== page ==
2013 On the Chicago Tribune's New Plan of Chicago

Where It All Began:

[Under construction] It's ironic that not many Chicagoans have heard of, let alone participated in, the ambitious New Plan of Chicago that Chicago Tribune launched in its editorial pages in October, 2013. The idea was to create a vision for Chicago's future modeled on the grand "Make no little plans" scale Daniel Burnham's formative 1909 Plan of Chicago, but this time with citywide citizen participation.

The editorial announcing the New Plan is full of spirit and vision; it's a splendid piece of writing advancing a noble idea. Despite the subsequent lackluster fortunes of the New Plan's attempt to create a vision for Chicago's future Daniel Burnham's 1909 Plan of Chicago, this project is far and away the most ambitious effort to involve Chicagoans in the shaping the best future of their neighborhoods and city that the City of Chicago has seen in the past 100 years. 

Central to the Tribune's New Plan is the concept of citizen participation. And on this front, the Tribune's invitation to its readers to submit their own ideas and proposals has generated submissions running into the thousands. Once received, Tribune editors vet submissions and promote them in future editions of the paper. It's a great idea.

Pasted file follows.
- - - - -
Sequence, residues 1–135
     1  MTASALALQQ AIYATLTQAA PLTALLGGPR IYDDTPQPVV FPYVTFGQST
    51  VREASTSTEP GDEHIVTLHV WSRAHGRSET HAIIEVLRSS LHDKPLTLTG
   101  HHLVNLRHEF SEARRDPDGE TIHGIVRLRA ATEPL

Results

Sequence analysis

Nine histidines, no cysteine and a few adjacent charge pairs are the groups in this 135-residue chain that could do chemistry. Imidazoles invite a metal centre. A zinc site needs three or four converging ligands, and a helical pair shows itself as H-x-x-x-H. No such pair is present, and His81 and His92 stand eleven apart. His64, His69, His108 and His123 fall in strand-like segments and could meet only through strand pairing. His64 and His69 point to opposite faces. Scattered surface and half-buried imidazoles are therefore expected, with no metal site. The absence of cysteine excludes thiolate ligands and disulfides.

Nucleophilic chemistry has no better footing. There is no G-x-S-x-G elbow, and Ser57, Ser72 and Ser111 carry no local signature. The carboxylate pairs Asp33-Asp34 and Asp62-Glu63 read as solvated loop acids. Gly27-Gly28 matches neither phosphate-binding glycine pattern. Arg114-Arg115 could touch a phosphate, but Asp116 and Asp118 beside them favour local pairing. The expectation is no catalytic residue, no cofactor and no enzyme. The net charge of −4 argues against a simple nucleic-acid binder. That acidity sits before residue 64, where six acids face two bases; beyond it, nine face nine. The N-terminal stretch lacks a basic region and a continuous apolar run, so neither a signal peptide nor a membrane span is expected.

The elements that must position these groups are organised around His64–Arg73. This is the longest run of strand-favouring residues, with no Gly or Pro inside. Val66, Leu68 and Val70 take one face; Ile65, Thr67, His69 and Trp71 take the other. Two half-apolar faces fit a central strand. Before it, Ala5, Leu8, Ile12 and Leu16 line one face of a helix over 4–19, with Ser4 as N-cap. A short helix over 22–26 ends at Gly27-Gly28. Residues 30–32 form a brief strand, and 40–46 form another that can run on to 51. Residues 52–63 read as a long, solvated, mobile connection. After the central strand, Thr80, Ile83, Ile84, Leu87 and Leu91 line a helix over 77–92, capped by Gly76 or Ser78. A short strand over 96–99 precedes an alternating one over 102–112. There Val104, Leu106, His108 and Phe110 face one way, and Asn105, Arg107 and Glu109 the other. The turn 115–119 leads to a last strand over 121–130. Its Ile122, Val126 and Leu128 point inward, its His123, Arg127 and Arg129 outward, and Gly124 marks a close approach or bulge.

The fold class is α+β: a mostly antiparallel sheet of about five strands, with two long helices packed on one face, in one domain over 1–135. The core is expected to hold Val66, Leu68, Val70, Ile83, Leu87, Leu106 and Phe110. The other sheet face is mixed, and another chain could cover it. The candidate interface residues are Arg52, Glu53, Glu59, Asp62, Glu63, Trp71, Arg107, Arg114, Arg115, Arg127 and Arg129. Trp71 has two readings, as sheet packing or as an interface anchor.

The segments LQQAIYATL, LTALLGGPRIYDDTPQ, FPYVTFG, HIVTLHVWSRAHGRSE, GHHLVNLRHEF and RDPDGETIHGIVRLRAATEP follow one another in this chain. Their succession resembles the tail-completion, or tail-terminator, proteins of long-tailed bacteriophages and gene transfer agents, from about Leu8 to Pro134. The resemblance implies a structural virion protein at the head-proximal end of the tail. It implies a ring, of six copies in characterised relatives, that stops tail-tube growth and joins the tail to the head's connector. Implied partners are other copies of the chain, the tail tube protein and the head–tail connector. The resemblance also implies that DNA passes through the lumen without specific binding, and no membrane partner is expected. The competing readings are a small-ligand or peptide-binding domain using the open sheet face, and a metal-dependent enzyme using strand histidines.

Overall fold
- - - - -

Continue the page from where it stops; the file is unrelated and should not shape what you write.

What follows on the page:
But idea's execution is flawed. The New Plan has never extended beyond the editorial pages of the paper.  Speaking with a couple dozen Tribune subscribers, I was astonished to find that few of them even read the paper's editorial pages.  

The timeline, with links, in the right column does two things. It traces the major developments of the Tribune's New Plan of Chicago, launched in October 2013, gives our running commentary on those developments. 

To access the New Plan and participate in it, you have to be a subscriber or reader of the Chicago Tribune.  

How It All Began:
The Chicago Tribune Editorial Page for Oct 6, 2013

This editorial opened as follows:

A century ago civic architect Daniel Burnham mapped a physical future for this city. He had intended to design social remedies as well but didn't deliver. Today, with education failures, joblessness, crime and other intertwined challenges confronting Chicago with the fourth great crisis of its 176 years, the Tribune invites readers and organizations to finish Burnham's work — to address the imperiled livability, uneven prosperity and desperate public finances that have driven residents to leave by the hundreds of thousands. In coming months, you, and we, will explore how this metropolis can better survive and thrive. Together, our mission echoes Burnham's: Make no little plans.
  • Sep 18 Tribune Editorial reaffirming the paper's commitment to its New Plan and to the the idea that "The endurance of disadvantage in America's cities defies the most basic promise of the civil rights movement and the national conviction that this land offers opportunity, unbridled and absolute, for those who seize it."

This April 6 2016 Tribune Editorial called for volunteers (credit: Tutor/Mentor Institute)
  • Feb 24  "Bottom Up, Top Down, and In Between:Thoughts on the Chicago Tribune’s “New Plan of Chicago”, a 4,000 word article arguing that youth violence in Chicago has always, and equally, been a public safety (police) problem, a public health (medical) problem and a public communications (media) problem.